Updated: Aug 21, 2019
A story from "Beyond the Leopard Trees" by Petra Lester
Peter Anderson, owner of Childers Heritage Gift Shop and Post Office, likes to make his customers happy by telling them jokes, however, one day when a lady from South Australia came into the Post Office looking for a gift and she said: “You told me that joke last year!”
Peter's parents, Keith and Jan Anderson, are sugar cane farmers related to pioneer John William Anderson (1899). Peter became an electrician and after an apprenticeship at the Isis Sugar Mill and several jobs around Australia and Papua New Guinea, he came back to Childers to settle down. His wife Janet Anderson (nee Rodger) grew up on a farm in Taroom and found a job at an accounting office in Childers.
In 1994 the Childers Post Office was for sale. “Actually it was my mother who said: Look the Post Office is up for tender. We were looking for something but we didn't know what. Mum wanted to keep a little flock around her; both my sisters moved interstate,” Peter says. After some research he thought: “This is going to be a very good deal and 22 years later it still is. It's good to have a Post Office along the Bruce Highway.”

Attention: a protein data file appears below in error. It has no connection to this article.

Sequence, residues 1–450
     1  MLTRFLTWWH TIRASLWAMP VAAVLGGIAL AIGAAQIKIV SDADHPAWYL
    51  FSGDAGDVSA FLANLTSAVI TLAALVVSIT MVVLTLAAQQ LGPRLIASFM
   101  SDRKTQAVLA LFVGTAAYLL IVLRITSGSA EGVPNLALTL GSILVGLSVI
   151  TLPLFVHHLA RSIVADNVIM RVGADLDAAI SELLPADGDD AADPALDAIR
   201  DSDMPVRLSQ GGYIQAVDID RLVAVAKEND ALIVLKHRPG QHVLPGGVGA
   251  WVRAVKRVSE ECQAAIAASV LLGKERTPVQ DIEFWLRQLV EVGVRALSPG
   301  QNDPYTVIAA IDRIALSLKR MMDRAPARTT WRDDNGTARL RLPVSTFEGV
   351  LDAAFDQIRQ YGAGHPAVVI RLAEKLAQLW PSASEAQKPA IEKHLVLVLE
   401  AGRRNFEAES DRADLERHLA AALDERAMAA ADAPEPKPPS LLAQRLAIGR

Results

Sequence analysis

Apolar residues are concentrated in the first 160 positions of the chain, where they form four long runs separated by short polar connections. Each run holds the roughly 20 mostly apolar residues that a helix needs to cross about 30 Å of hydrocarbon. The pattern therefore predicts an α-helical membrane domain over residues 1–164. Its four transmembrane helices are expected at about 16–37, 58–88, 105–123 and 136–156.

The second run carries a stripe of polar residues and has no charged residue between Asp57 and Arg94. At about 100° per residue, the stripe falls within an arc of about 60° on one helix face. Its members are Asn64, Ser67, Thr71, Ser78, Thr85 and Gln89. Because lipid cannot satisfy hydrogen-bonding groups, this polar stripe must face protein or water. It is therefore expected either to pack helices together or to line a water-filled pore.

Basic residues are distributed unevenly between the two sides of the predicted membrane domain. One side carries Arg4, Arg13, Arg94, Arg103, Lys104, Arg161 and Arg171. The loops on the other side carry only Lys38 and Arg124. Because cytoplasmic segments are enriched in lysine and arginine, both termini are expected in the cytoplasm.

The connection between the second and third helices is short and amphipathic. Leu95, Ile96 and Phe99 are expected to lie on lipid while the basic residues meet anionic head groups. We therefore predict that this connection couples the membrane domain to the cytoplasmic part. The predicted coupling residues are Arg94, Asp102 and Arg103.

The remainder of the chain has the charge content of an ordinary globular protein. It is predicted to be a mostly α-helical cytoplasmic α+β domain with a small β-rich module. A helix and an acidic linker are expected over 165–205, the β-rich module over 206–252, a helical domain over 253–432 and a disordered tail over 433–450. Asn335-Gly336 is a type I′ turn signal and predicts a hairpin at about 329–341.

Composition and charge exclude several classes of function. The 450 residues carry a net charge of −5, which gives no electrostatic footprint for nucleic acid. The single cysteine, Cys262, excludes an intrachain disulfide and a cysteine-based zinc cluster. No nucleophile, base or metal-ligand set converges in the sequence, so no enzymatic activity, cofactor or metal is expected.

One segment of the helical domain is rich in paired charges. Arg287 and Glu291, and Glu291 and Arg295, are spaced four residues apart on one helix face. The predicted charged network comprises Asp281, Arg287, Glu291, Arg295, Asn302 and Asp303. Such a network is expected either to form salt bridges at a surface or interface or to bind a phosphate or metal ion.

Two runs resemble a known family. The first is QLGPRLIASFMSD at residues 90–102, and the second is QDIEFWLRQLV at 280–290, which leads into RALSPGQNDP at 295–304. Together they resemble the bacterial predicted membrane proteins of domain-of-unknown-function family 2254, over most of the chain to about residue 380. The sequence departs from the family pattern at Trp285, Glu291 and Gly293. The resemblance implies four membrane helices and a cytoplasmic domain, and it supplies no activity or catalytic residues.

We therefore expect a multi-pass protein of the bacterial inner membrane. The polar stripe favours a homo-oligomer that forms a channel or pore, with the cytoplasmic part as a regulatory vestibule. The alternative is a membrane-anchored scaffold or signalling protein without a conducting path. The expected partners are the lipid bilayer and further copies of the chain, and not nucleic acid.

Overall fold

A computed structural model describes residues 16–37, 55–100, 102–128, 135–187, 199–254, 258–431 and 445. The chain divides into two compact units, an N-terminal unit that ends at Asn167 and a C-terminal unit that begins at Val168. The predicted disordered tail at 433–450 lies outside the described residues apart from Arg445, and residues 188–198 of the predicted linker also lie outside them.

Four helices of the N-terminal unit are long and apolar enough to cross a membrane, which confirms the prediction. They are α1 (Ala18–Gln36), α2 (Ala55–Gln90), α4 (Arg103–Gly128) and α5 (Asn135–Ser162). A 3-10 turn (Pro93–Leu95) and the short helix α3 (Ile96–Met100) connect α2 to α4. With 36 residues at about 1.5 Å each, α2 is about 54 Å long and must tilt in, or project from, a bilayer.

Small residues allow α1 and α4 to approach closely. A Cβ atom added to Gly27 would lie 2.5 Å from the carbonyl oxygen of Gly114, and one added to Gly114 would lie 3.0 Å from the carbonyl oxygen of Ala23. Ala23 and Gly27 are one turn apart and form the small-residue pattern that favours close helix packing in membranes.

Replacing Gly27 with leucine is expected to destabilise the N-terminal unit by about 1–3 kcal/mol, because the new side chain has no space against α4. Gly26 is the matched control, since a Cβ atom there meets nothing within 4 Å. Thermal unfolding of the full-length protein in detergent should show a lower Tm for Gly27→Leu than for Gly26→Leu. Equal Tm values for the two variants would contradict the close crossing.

It took four months to learn the ropes; the old counter was moved across the shop and the caretakers' quarters were renovated into a coffee shop with a deck. Peter and Janet had help from Hazel Carruthers, who worked in the Post Office until her retirement in 2016. The Post Office employs high school students on traineeships; they do two hour shifts in the morning before school, sorting mail and learning counter work. Once a year a group of primary school children visits and Peter tells them how it all works. The kids get excited at the back of the post boxes when a customer opens their end of the box to collect the mail. The Post Office now employs 12 local part-timers.
Peter and Janet have ordered macadamia trees for the Anderson's family farm that is still under sugar cane in the summer of 2016. The fourth generation of this pioneering family still has a connection to the same acres of fertile red soil as their ancestors.
“The best start of the day is my walk through town to the shop at 6 am. I'm continually waving every morning. You see the same people every day. It's a nice time of the day.”